With increasing speculation that no deal will be done between the UK and the EU, the UK Government has published a series of “technical notices” providing guidance on how to prepare for a no-deal scenario. These technical notices are written on the basis that there will be no concluded withdrawal agreement between the UK and the EU, which will mean the UK exiting the EU at 11:00 pm on 29 March 2019 with no transition period and no deal going forward. Five of these technical notices deal with different aspects of intellectual property. We have summarised the current position below.
Trademarks and Designs
- UK trade marks and UK registered designs – no change. These are UK rights and will not be affected by Brexit;
- EU trade marks and registered community designs. These will continue to be valid in the remaining EU member states and the UK will grant a “cloned” equivalent UK right to mirror what is already held in the EU. There will be an opportunity to opt out of receiving such a “cloned” UK right and the assumption therefore is that such a UK right will be granted automatically but for any opt out;
- Pending applications for registered community designs and EU trade marks – any pending applications as at 29 March 2019 will need to be refiled in the UK and there will be a period of nine months to do this during which the application can be refiled in the UK. These refiled applications will be given the same filing date as their EU equivalents;
- Unregistered community designs – these will be automatically protected in the UK.
- The position relating to European patents will remain unchanged following Brexit as these are governed by the European Patent Convention which is not related to the EU;
- If the Unified Patent Court does come into force (it is currently pending ratification by Germany) then as currently constituted it appears unlikely that the UK would be able to be a member. The UK Government has however expressed a desire to explore whether it would be possible to remain within the Unified Patent Court and unitary patent systems.
- The basic reciprocal protections enjoyed by copyright owners will not change as these are guaranteed by international conventions (such as TRIPS, the WCT and Berne);
- UK businesses will not be able to rely on the Portability Regulation (meaning that online content survey providers will not be required or able to offer cross border access to UK consumers) or the Marrakesh Treaty (cross border transfer of accessible format copies of copyright works) although the UK intends to ratify this separately;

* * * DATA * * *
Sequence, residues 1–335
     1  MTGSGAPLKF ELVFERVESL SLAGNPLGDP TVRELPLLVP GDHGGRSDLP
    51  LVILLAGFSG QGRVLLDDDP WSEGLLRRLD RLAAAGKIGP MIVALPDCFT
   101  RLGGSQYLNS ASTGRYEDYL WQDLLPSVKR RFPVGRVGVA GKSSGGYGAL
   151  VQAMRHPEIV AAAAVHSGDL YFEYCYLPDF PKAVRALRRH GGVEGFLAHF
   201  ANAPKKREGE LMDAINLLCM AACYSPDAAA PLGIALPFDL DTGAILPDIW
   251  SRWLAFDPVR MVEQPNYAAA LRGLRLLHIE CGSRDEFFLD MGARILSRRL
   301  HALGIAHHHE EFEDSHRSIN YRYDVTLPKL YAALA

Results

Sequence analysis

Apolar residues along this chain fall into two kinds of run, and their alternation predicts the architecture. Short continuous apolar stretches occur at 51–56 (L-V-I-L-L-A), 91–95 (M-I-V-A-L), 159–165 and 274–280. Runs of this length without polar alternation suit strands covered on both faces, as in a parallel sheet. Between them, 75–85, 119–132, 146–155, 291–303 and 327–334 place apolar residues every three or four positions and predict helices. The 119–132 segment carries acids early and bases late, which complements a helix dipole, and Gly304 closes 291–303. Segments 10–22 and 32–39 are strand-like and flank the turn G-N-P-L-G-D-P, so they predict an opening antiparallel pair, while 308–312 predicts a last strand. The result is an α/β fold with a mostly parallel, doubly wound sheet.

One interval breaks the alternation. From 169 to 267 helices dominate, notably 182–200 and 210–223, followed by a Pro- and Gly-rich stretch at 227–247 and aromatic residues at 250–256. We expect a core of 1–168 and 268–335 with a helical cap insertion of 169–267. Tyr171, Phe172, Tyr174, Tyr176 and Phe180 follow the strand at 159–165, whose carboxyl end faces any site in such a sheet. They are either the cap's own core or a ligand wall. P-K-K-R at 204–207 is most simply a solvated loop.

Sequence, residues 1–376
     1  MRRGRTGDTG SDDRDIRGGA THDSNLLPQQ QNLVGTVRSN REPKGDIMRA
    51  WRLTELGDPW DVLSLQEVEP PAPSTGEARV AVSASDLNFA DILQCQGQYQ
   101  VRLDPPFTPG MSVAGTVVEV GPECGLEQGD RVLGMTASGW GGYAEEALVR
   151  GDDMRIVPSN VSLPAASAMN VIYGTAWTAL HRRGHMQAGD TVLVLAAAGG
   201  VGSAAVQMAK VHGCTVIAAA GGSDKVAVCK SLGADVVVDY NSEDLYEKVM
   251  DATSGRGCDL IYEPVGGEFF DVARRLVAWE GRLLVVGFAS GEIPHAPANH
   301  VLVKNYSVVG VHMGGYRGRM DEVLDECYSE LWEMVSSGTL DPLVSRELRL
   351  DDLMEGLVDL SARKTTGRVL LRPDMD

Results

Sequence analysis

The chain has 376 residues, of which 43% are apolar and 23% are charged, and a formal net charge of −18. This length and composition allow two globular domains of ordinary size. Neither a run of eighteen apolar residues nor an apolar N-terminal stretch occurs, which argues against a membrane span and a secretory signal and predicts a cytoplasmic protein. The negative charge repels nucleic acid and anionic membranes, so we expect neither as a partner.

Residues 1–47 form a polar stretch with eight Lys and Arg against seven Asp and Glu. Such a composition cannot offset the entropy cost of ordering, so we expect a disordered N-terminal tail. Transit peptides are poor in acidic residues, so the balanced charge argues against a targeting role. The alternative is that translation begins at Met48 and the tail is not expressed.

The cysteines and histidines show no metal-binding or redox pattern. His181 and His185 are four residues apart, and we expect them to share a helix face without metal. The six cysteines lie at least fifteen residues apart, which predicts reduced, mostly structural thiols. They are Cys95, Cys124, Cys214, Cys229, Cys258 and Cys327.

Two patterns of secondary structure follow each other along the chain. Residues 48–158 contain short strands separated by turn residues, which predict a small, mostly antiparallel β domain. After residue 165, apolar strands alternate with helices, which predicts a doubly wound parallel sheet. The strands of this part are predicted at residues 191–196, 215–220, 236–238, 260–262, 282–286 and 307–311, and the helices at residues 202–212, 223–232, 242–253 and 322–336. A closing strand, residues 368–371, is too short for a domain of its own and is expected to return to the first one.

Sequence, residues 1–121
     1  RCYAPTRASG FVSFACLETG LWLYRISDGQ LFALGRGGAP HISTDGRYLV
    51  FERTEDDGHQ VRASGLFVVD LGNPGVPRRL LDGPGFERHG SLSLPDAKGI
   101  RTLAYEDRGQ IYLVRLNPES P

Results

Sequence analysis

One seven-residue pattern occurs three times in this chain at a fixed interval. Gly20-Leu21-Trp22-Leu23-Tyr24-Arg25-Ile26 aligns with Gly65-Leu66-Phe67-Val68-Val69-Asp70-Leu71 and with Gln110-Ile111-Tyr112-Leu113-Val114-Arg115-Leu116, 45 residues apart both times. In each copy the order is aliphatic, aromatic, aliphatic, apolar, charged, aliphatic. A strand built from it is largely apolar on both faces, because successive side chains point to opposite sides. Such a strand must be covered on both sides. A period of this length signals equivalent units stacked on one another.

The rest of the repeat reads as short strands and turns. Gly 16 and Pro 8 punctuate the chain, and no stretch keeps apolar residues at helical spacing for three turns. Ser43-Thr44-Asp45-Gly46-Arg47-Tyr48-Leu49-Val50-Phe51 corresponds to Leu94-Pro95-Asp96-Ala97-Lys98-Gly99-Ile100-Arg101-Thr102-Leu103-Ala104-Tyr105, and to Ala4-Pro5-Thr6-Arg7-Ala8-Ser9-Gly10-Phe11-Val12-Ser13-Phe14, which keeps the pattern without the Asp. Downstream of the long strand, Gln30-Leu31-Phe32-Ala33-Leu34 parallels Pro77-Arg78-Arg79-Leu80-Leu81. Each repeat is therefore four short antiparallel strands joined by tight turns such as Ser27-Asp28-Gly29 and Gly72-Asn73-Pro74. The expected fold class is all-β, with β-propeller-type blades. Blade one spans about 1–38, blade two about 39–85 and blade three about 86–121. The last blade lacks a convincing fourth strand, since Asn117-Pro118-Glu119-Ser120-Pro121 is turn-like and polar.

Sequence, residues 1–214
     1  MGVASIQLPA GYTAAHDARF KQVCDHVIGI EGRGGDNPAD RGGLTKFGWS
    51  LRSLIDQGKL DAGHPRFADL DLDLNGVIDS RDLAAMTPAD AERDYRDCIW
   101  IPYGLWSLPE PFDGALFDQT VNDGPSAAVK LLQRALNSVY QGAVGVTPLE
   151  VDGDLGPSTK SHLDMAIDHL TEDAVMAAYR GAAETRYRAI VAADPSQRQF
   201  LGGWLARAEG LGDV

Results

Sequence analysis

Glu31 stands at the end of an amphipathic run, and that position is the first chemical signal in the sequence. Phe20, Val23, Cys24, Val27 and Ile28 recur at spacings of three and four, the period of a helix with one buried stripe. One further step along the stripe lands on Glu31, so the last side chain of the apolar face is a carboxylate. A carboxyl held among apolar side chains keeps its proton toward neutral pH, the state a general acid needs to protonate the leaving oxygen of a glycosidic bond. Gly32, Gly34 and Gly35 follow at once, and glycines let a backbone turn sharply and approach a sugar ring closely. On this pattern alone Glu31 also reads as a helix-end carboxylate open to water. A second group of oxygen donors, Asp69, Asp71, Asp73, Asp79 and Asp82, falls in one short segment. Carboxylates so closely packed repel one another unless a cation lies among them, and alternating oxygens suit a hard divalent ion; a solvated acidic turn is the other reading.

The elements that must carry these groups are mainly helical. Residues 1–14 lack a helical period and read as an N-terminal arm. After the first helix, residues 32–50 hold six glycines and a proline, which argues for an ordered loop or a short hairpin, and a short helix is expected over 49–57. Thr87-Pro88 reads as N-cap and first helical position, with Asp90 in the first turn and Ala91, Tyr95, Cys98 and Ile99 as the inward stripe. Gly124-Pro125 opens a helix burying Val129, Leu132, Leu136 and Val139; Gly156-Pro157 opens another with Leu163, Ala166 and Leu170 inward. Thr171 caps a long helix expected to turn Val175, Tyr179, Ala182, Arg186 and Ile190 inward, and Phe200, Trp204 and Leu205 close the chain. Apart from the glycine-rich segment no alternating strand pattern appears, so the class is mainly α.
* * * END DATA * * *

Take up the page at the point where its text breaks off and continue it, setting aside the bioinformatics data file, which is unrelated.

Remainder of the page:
- UK based satellite broadcasters will cease to be able enjoy the reciprocity copyright clearance rule when broadcasting into the EEA and UK-based heritage institutions that make works available online in the EEA will no longer be able to rely on the orphan works copyright exception;
- The EU will cease to recognise the sui generis database right for UK business which in practice means that UK based businesses will need to look for other ways to protect their databases for example through licence terms.
- As things currently stand the doctrine of exhaustion of rights applies across the EEA meaning that in practice that once a product or other protected subject matter is placed on the market anywhere in the EEA the holder’s rights are exhausted and that product or other work can be moved freely around the EEA.
- The UK Government has said that it will continue to recognise the principle of EEA exhaustion in relation to goods which are imported into the UK. There will however, be no automatic right of reciprocity meaning that in practice UK businesses may well be put at a disadvantage when it comes to trade.
- The UK intends to create a new UK geographical indication (GI) system which will largely mirror the current EU regime. In practice this means that all the UK GI’s currently protected by the EU will be automatically protected under the UK regime although existing EU GIs would have to apply for protection under the new UK regime. It is also likely that UK GIs would need to reapply for GI status under the EU regime.
The UK Government has gone to lengths to stress that this is simply a case of covering every eventuality and that it still very much hopes and expects to reach a deal on the UK’s withdrawal from the EU. Time will tell whether that is going to be possible.
What however, is clear, from what we have seen to date is that there is a huge amount of detail missing from what the government has published in relation to IP rights. For example, nothing has been published about what will happen to ongoing disputes which relate to EU IP rights.
It is also clear that, while the UK Government is very much trying to reflect in these technical notices the position that it would expect to reach if there were a negotiated deal, if there is no deal with the EU then this very much assumes that the EU to reciprocate. Otherwise, UK businesses are going to be disadvantaged.
More generally, it remains to be seen what will happen as the respective laws of the UK and the EU begin to separate and presumably take different directions as the views of the UK courts diverge from those in the EU.
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